A message to media brands and advertisers: millennials and Gen Z are not the same audience.
That’s based on a new study conducted by The Atlantic’s creative marketing group, Atlantic Re:think, in partnership with Comscore and Harvard College Consulting Group.
The study found media that appeals to millennials (25- to-39-year-olds) does not do the same for the next generation (18- to-24-year-olds).
The white paper's goal was to showcase Gen Z’s preferences as a user, consumer and decision maker, according to the study, called “Gen Z Doesn’t Love You...Yet.”
Respondents in the study reported lower favorability scores for news outlets that target millennials, compared to news outlets established long before millennials could read. Gen Z showed more than twice the favorability to news outlets established before 2000 than to emerging media companies.
The 13 outlets mentioned in the study included The Atlantic, The New York Times, The New Yorker, Time, Washington Post, WSJ and CNN, as well as BuzzFeed, HuffPost, Cheddar, The Outline, Ozy and The Intercept.
One survey respondent noted: “Some of the more Gen Z oriented news sources are pretty patronizing…in a way that presumes that people who are young are also stupid.”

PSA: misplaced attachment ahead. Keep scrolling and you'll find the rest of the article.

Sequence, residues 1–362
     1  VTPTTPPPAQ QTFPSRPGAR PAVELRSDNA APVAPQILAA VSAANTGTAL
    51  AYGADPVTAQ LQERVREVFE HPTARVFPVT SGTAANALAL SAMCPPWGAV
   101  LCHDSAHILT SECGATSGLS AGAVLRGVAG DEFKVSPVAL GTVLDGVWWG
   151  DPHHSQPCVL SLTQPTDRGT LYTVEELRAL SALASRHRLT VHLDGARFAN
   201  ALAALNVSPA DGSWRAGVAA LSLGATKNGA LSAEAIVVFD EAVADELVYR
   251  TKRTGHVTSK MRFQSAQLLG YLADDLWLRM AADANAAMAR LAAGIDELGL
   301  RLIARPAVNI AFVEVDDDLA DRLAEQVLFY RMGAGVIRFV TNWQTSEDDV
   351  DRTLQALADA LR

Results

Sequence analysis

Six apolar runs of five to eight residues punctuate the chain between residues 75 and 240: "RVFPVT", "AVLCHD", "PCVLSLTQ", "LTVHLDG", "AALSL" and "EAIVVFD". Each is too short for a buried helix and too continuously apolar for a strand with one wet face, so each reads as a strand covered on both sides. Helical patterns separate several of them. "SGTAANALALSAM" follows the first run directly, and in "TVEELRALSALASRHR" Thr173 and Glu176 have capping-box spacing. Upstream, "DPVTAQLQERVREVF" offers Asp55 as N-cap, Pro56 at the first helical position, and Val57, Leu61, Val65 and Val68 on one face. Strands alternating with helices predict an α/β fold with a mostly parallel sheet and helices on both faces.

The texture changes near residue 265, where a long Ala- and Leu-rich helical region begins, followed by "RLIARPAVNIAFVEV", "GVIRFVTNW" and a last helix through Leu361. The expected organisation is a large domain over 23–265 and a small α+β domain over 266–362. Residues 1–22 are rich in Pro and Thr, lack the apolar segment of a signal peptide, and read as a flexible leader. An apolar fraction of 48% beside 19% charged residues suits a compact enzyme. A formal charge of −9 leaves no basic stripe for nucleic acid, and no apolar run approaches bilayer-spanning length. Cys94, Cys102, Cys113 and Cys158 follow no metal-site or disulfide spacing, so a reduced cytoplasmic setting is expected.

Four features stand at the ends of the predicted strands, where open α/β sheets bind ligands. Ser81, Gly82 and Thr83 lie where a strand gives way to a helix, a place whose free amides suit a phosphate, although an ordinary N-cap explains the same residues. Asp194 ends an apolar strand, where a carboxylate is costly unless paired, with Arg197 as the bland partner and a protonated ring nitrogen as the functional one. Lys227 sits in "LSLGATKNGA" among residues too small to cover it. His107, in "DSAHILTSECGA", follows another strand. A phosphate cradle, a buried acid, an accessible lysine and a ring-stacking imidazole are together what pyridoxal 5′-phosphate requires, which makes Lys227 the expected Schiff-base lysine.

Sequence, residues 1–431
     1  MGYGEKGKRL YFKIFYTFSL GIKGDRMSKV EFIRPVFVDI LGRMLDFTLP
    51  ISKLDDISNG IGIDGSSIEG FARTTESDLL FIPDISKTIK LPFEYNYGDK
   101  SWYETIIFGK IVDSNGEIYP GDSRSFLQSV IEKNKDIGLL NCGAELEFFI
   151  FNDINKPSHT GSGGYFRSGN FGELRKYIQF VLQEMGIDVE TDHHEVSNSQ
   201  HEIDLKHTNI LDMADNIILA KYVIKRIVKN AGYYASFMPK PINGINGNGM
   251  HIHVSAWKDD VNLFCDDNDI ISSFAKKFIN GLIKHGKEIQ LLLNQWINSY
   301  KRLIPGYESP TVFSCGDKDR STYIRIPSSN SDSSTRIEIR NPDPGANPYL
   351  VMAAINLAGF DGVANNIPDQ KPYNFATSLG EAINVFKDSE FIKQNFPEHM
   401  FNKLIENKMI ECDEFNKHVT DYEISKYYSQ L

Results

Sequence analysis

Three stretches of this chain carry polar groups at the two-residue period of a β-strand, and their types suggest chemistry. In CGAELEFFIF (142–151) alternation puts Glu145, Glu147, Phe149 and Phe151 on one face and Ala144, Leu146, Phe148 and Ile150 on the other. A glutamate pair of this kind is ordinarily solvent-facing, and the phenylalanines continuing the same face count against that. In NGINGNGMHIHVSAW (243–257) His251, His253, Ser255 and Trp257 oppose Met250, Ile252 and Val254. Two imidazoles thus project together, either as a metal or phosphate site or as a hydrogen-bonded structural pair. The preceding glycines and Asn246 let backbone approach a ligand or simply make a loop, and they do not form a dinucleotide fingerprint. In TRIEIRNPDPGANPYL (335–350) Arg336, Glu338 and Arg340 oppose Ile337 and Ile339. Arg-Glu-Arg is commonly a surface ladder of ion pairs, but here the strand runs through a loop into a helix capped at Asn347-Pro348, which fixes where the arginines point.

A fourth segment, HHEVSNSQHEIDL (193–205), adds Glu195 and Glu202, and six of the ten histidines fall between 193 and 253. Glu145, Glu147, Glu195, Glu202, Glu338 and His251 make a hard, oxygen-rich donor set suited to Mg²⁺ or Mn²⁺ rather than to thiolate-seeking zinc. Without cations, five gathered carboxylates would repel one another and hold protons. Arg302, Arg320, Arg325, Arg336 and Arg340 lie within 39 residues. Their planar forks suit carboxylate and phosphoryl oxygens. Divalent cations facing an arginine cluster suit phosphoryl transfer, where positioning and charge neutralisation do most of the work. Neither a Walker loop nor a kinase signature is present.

Gen Z made up about 20% of TheAtlantic.com’s digital audience in 2018, with spikes over 20% in January, February and April.
The study found tjat Gen Z also has different content and format preferences when interacting with their favorite news media brands, compared to millennials. The younger generation is more likely to interact with video, and have a greater affinity for art & design, entertainment and advice content and less so for sports content.
Gen Z has higher expectations for brands than millennials, and they are less likely to be brand loyal.
Eighty-two percent of Gen Z respondents said social responsibility was a very important or an important characteristic of their favorite brands.
When discovering new brands, Gen Z is most influenced by a recommendation from a friend or peer (55%) and a brand’s social media activity (48%). Influencers held more sway than celebrities (36% vs. 24%), but both were more important for Gen Z than for millennials.
And the younger generation has more of an eye for diversity: 61% are more likely to buy brands that have spokespeople who are diverse rather than spokespeople who look like them (versus 52% of millennials).
When it comes to sharing their data online, 42% of Gen Z respondents called privacy “very important,” compared to 54% of millennials.
The study surveyed 1,000 Gen Z respondents and 1,000 millennial respondents, and conducted focus groups and interviews with over 100 students at Harvard and surrounding colleges between October and November 2018.